A mixed corticomedullary tumor (MCMT) is a rare tumor, defined as a single adrenal lesion composed of a mixture of different cell types derived from both pheochromocytes and cortical cells, which do not share a common embryological origin [4]. Since MCMT was first described in 1969, at least 16 cases have been reported in the English- and French-language literature and more than 30 cases have been reported in three Japanese and two Chinese case series [4]. Coincident adrenal cortical adenomas and pheochromocytomas is not considered a category of MCMT and is extremely rare, especially in the same adrenal gland. There have been only 14 reported cases of a coexisting adrenal cortical adenoma and pheochromocytoma [4]. In all of these cases, there were no typical pheochromocytoma symptoms, and the disease was diagnosed by biochemical laboratory results and imaging studies [1].
Our patient presented with typical Cushingoid features and compatible CT imaging suggestive of an adrenal cortical adenoma. The plasma metanephrine and normetanephrine and the 24-hour urine metanephrine, normetanephrine, and catecholamines were normal, and there was no hypertensive crisis during the surgery. The final pathology examination revealed one mass consistent with an adrenocortical adenoma and a second 1-cm mass consistent with pheochromocytoma. Many pheochromocytomas are diagnosed incidentally during routine radiological examinations or rarely by genetic screening tests for multiple endocrine neoplasia (MEN) syndrome or von Hippel-Lindau disease [5]. There have been no incidental discoveries of surgically proven pheochromocytoma, except at autopsy [5]. Such unusual cases should lead us to evaluate the pheochromocytoma further, such as for gene mutations and MEN, if the patient is young.
Roughly 10% of adrenal incidentalomas are bilateral or multiple masses. As in this case, multiple masses in the same adrenal gland that secrete different hormones are possible. Although there are no abnormal hormone tests for pheochromocytoma because the adrenal mass is too small to produce metanephrine, the coexistence of a different type of adrenal adenoma must be considered in all cases. We always test all screening hormone evaluations for adrenal incidentalomas.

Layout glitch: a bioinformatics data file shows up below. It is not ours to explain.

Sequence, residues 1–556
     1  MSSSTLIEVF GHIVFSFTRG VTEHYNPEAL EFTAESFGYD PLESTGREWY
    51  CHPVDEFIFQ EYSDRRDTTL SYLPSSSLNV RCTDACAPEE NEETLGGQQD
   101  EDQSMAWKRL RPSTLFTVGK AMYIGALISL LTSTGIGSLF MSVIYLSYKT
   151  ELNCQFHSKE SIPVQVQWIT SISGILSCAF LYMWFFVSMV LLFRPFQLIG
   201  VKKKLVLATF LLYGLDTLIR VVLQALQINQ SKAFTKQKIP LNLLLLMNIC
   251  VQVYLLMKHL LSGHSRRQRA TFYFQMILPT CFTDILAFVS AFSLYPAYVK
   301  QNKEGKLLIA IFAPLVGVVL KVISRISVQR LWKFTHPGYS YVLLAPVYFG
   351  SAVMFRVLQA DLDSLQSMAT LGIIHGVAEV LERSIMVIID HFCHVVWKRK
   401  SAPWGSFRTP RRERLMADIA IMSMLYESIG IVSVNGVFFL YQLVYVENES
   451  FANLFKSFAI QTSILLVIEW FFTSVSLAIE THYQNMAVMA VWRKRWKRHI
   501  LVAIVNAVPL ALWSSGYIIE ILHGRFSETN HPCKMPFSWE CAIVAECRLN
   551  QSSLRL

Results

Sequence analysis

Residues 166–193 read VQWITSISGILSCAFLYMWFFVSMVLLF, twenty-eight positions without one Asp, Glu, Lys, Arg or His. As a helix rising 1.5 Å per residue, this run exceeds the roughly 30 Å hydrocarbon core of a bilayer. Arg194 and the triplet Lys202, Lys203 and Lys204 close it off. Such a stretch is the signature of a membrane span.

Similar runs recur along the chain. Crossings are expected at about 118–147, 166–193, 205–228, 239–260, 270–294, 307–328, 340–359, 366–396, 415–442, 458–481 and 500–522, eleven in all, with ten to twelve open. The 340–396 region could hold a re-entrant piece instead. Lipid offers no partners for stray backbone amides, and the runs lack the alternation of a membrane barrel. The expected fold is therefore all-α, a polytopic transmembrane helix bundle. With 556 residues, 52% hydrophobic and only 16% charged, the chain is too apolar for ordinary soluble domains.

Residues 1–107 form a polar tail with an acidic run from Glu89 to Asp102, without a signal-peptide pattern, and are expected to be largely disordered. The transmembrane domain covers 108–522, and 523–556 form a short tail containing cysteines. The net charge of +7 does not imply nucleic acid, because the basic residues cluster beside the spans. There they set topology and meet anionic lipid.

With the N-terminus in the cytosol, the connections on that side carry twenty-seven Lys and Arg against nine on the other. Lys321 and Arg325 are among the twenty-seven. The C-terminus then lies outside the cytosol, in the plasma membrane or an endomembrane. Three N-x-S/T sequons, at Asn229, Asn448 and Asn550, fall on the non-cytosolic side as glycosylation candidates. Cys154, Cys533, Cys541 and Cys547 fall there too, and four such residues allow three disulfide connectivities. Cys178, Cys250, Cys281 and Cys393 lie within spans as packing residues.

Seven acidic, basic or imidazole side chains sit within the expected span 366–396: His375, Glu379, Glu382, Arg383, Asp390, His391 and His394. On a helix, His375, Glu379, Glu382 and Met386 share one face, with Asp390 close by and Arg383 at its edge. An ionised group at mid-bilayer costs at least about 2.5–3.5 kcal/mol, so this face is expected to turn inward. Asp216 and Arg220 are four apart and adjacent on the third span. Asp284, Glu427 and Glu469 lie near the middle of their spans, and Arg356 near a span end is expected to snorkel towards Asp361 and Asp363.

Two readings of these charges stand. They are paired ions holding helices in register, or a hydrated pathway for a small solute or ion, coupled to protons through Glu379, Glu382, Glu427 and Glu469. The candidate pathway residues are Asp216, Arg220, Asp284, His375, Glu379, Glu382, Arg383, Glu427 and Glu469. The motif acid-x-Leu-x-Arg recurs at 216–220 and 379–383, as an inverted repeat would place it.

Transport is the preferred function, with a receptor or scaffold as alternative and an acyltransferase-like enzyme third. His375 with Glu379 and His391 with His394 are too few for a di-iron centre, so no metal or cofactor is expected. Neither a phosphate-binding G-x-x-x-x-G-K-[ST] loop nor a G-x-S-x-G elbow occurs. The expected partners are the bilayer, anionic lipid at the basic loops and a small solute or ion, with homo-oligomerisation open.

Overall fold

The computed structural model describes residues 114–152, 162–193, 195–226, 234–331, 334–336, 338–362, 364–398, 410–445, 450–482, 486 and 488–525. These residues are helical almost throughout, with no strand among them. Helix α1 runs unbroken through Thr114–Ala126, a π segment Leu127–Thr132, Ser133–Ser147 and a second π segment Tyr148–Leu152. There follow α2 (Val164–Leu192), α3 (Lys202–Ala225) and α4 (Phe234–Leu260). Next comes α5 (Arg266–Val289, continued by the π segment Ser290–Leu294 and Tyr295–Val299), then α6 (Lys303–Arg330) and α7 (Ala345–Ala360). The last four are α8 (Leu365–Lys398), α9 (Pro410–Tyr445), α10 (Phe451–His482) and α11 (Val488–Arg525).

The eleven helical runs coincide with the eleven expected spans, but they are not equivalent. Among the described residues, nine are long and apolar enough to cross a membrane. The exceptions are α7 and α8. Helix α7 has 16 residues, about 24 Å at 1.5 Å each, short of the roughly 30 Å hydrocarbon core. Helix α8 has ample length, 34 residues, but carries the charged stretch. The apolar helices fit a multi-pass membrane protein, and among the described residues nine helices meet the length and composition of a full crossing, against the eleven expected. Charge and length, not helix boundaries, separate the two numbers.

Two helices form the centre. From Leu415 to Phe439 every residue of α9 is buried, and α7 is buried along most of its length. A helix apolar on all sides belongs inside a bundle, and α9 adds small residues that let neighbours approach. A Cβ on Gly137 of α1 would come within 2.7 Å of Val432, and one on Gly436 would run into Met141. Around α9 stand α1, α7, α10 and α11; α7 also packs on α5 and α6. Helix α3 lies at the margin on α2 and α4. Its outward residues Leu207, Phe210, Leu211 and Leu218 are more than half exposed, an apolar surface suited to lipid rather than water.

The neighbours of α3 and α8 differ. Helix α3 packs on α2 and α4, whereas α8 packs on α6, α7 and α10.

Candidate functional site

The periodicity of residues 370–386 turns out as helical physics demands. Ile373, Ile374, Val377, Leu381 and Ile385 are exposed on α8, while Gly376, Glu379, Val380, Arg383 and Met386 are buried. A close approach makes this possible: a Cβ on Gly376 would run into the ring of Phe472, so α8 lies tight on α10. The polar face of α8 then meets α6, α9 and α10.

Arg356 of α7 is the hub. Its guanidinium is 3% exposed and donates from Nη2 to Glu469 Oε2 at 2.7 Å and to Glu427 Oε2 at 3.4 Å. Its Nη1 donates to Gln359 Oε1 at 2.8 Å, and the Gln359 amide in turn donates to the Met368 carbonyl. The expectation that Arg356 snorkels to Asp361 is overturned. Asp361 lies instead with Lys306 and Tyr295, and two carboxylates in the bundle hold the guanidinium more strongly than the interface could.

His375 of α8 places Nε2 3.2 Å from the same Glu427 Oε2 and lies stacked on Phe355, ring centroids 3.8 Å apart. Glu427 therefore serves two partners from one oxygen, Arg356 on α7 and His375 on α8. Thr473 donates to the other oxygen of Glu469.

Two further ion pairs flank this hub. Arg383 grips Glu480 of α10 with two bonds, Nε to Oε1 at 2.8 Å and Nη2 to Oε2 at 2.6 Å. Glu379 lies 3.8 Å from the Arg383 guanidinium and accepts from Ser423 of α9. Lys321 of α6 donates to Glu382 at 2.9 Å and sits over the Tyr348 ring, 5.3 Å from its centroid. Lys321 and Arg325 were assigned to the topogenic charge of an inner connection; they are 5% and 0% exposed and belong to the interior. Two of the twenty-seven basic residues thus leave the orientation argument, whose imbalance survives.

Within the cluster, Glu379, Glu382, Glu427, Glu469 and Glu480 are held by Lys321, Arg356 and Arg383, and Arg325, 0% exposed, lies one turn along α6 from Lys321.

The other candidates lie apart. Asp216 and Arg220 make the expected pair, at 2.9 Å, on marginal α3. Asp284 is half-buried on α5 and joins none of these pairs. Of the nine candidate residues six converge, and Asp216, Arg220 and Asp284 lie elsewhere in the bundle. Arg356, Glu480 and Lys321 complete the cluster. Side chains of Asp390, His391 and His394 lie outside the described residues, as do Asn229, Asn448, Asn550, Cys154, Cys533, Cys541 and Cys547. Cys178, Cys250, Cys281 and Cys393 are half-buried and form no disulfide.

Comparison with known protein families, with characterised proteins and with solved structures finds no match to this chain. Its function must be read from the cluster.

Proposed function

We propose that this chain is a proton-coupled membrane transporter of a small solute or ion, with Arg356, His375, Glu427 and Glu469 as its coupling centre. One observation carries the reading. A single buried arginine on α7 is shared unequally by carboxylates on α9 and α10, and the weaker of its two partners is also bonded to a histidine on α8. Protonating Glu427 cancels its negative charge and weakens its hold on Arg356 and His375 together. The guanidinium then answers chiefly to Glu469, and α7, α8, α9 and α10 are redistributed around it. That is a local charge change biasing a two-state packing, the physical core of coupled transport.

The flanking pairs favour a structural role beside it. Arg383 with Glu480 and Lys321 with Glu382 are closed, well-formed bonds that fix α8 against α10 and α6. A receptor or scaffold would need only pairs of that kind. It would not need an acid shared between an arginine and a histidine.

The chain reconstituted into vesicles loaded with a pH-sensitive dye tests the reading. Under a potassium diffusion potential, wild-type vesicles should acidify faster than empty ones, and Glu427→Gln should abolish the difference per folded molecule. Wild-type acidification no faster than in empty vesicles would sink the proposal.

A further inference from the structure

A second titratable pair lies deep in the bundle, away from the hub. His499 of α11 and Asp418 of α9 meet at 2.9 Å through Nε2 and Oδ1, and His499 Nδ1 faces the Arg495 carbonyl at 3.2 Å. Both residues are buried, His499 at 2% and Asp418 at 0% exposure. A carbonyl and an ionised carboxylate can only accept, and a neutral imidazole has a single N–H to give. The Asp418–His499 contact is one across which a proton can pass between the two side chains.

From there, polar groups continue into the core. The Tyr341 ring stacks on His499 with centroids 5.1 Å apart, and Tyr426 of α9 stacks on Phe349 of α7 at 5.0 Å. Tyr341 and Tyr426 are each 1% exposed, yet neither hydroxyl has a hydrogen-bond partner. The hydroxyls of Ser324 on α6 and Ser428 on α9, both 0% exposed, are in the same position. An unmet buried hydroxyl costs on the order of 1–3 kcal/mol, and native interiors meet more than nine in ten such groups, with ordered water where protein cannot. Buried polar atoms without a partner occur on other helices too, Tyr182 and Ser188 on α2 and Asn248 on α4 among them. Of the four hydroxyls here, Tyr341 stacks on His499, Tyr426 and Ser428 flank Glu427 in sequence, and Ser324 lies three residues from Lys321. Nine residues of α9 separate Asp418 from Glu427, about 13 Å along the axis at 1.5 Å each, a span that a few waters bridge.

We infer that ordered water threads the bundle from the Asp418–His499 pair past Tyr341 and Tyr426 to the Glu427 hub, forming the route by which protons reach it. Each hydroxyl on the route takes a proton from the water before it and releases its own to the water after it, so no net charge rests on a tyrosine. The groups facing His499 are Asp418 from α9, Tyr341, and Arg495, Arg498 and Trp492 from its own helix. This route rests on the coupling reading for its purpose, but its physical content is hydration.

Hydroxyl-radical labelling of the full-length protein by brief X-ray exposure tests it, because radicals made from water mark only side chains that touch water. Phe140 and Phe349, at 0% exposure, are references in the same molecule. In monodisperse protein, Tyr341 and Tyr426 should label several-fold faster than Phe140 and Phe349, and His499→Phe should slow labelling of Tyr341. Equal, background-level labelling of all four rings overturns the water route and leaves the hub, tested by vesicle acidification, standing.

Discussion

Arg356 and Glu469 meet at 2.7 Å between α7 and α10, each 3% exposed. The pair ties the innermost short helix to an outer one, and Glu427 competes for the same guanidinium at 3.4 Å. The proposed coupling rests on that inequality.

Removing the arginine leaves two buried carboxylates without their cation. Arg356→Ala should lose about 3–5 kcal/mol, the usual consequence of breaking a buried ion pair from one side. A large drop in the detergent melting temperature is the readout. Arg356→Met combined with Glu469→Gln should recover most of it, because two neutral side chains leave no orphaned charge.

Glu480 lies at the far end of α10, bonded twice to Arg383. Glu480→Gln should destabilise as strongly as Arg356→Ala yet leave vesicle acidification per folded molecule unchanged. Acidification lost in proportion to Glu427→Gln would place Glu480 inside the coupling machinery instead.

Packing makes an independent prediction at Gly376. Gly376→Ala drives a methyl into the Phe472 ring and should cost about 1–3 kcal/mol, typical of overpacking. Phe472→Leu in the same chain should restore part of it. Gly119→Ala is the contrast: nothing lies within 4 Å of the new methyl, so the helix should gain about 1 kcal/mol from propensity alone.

In conclusion, we reported the first case of two different adrenal masses, initially diagnosed as functioning adrenal adenomas, but eventually confirmed to be one cortisol-secreting adrenal adenoma and one histopathologically proven pheochromocytoma.

Conflict of interest

No potential conflict of interest relevant to this article was reported.


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Figure 1
Adrenal computed tomography findings. (A) The mass located at the lateral rim of the adrenal gland was 2.8 cm and its attenuation value was 27.7 Hounsfield unit (HU) initially, 158.5 HU at 1 minute, and 69.8 HU at 15 minutes. (B) The other mass measured 1.4 cm and was located at the medial rim of the adrenal gland. Its attenuation value was 42.67 HU initially, 87 HU at 1 minute, and 57.2 HU at 15 minutes (arrows).
Figure 2
Fresh right adrenalectomy surgical specimen, measuring 6.5 × 4.3 × 2.3 cm and weighing 22 g. The cut section shows two well-defined masses. Pathologically, the larger mass was diagnosed as an adrenal cortical adenoma and the smaller as a pheochromocytoma. (A) The larger mass measures 2.7 × 2.5 × 1.9 cm and is yellow and brown with hemorrhage (arrows). (B) The other mass is 0.7 × 0.7 cm, rubbery, and yellow-white (arrow). (C) Microscopic pathology findings of the right adrenal gland showed a typical adrenal cortical adenoma. The cells are larger, have different cytoplasm, and increased variation in nuclear size compared to a normal adrenal gland (H&E, ×40). (D) The cells have finely granular basophilic cytoplasm, intracytoplasmic hyaline globules, and round and oval nuclei with a prominent nucleolus and variable inclusion-like structures compatible with pheochromocytoma (H&E, ×40). (E) The immunohistochemical staining was positive for chromogranin A (×200).
Table 1
Hormone assays used to screen for adrenal adenoma